Kirk Ludwig reminds us that Davidson’s argument is open to objections made to transcendental arguments in general. What prevents us from saying that it only needs to appear to the subject that there is a triangulation between object and the other subject? If this is only a possibility it is enough to defeat Davidson’s argument. Another way to state this objection is in terms of an imaginary friend. Claudine Verheggen asks why a person could not carry out a conversation with herself. Surely “self-talk” or “imaginary-friend-talk” yield the same pseudo-triangulation that Davidson requires.
Davidson argues that this problem should affect those who think that the foundation for thought is introspection. But, on his view, the rule that one follows for knowledge acquisition is “at bottom a matter of doing what others do.”.
A further objection may be motivated by a concern for objectivity. What, on Davidson’s view, guarantees that either interpreter gets the world right? Davidson has two responses to this objection. First, he says that triangulation does not deny that the objects in the world are causally related to what we know about the world. In other words, triangulation theory has the quality of requiring both a coherence and correspondence theory of truth. One requires a high degree of agreement between subjects and the causal relationship between subjects and the objects they perceive.
Second, Davidson contends that without acceptance of the reliability of most of the statements about the world there would be no concept of belief and therefore the objection would be groundless. Davidson relies on a version of the principle of charity. The principle of charity insists that people have more true beliefs than false beliefs. If human conversation is possible, then people have more true beliefs than false beliefs. In order to challenge all beliefs one must suggest that there is no such thing as a belief. This is because if all beliefs are assumed to be false then there is no such thing as true or false since one can only conceive of something be being true if one can conceive of something being false and vice versa. Davidson suggests that in order to avoid such a radically skeptical conclusion one should interpret one another optimizing agreement.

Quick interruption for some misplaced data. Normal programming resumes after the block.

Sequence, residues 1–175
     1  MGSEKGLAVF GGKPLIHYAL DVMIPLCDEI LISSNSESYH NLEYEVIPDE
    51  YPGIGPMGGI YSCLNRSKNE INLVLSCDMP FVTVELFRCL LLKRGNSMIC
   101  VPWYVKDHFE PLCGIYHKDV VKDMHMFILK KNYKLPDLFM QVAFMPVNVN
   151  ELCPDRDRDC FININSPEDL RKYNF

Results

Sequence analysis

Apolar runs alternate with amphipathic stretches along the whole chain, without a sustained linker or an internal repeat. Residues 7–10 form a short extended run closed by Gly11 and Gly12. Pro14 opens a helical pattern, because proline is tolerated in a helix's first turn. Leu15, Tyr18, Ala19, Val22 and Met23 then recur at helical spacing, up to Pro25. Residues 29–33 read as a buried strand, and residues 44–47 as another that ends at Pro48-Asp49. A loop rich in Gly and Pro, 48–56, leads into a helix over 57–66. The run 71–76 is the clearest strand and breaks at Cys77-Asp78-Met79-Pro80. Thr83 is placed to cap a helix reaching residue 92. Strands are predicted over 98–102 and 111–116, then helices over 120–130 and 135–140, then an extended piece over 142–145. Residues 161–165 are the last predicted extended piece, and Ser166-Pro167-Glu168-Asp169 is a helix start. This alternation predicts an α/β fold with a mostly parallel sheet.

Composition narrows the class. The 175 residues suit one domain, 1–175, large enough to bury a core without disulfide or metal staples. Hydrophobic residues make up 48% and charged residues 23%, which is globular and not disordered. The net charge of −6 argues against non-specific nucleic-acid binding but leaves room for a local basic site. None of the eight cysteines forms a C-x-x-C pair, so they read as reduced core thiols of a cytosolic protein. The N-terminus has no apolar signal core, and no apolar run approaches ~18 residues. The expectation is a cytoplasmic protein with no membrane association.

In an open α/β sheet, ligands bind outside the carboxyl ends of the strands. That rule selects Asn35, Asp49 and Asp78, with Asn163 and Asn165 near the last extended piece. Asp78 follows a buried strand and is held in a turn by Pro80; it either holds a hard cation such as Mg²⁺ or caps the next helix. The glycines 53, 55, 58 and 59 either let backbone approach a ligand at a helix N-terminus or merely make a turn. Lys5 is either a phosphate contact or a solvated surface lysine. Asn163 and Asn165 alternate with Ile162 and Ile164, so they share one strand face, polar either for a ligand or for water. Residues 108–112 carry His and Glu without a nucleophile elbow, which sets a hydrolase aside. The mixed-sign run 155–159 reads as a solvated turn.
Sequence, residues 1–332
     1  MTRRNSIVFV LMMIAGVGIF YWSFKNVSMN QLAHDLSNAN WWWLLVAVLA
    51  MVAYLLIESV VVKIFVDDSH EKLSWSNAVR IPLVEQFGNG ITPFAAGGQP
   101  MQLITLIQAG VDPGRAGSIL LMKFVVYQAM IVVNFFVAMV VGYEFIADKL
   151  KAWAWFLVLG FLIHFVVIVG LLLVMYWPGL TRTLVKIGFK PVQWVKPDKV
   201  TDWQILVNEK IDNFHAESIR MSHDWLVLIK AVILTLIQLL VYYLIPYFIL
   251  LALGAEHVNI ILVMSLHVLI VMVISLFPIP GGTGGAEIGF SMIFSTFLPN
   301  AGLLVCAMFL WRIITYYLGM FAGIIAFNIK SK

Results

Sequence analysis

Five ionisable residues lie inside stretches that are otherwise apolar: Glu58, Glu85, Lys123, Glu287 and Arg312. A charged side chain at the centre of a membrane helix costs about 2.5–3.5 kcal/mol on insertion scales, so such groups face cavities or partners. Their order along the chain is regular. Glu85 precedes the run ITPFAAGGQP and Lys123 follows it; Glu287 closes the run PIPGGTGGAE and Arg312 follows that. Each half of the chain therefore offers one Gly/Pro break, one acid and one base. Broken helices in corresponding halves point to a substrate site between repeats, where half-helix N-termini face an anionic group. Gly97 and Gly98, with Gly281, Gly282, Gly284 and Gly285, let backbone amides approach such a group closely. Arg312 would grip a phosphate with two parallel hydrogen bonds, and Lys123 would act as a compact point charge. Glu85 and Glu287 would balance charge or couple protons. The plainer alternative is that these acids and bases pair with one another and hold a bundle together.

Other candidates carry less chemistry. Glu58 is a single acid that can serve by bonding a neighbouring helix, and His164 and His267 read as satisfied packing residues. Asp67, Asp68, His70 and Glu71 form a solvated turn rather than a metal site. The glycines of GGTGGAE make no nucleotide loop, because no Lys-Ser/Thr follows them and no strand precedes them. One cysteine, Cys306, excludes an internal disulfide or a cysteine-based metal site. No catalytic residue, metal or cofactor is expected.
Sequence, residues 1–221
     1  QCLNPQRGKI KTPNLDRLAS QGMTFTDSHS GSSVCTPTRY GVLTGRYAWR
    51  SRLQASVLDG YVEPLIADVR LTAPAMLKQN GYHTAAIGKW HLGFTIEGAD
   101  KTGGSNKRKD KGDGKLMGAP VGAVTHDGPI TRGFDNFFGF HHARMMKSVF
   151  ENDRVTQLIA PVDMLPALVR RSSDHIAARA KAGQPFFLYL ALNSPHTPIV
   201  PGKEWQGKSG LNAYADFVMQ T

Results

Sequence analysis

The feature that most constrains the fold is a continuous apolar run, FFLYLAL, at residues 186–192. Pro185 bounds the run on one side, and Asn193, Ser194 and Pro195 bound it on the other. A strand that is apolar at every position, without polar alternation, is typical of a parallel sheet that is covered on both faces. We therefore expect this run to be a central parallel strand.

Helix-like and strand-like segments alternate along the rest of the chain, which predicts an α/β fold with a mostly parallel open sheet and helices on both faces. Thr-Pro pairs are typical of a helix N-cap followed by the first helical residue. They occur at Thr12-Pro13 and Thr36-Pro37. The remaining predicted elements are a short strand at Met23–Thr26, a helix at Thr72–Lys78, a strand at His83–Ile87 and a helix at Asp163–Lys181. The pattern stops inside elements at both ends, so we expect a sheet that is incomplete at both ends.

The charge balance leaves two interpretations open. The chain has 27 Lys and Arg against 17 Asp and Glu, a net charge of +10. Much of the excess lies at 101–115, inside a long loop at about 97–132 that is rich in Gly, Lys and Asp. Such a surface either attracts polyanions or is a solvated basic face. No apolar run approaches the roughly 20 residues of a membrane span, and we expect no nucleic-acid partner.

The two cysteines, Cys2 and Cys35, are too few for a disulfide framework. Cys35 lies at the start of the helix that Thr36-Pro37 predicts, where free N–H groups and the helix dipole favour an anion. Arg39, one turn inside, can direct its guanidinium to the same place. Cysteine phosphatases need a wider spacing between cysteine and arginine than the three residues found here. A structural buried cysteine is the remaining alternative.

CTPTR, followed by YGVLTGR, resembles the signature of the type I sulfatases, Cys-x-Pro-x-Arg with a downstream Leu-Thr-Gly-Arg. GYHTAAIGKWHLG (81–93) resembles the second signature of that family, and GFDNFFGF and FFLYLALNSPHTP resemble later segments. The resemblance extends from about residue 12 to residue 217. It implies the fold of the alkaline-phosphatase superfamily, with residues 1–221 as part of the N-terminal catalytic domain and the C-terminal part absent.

What these objections miss is the distinction between knowledge possession and knowledge acquisition. While self-talk is possible once one has thoughts it is not possible until one has acquired this capability. Davidson’s argument attempts to show what must be the case in order to acquire the ability to think and concludes that the thinker must have acquired the concepts of true and false in order to think. It does not attempt to show how one applies those concepts once one has them.
Sinclair argues that these kinds of criticisms miss the assumption that Davidson is trying to defend. Davidson is attempting to account for a non-reductive mental and psychological life of human beings within a naturalistic frame of reference. There are no prior concepts found in creatures that one could use to begin a conversation with oneself or an imaginary friend. Consequently, there is no internal point of reference for the creature with which to form the necessary apparatus for gaining and applying concepts to the world.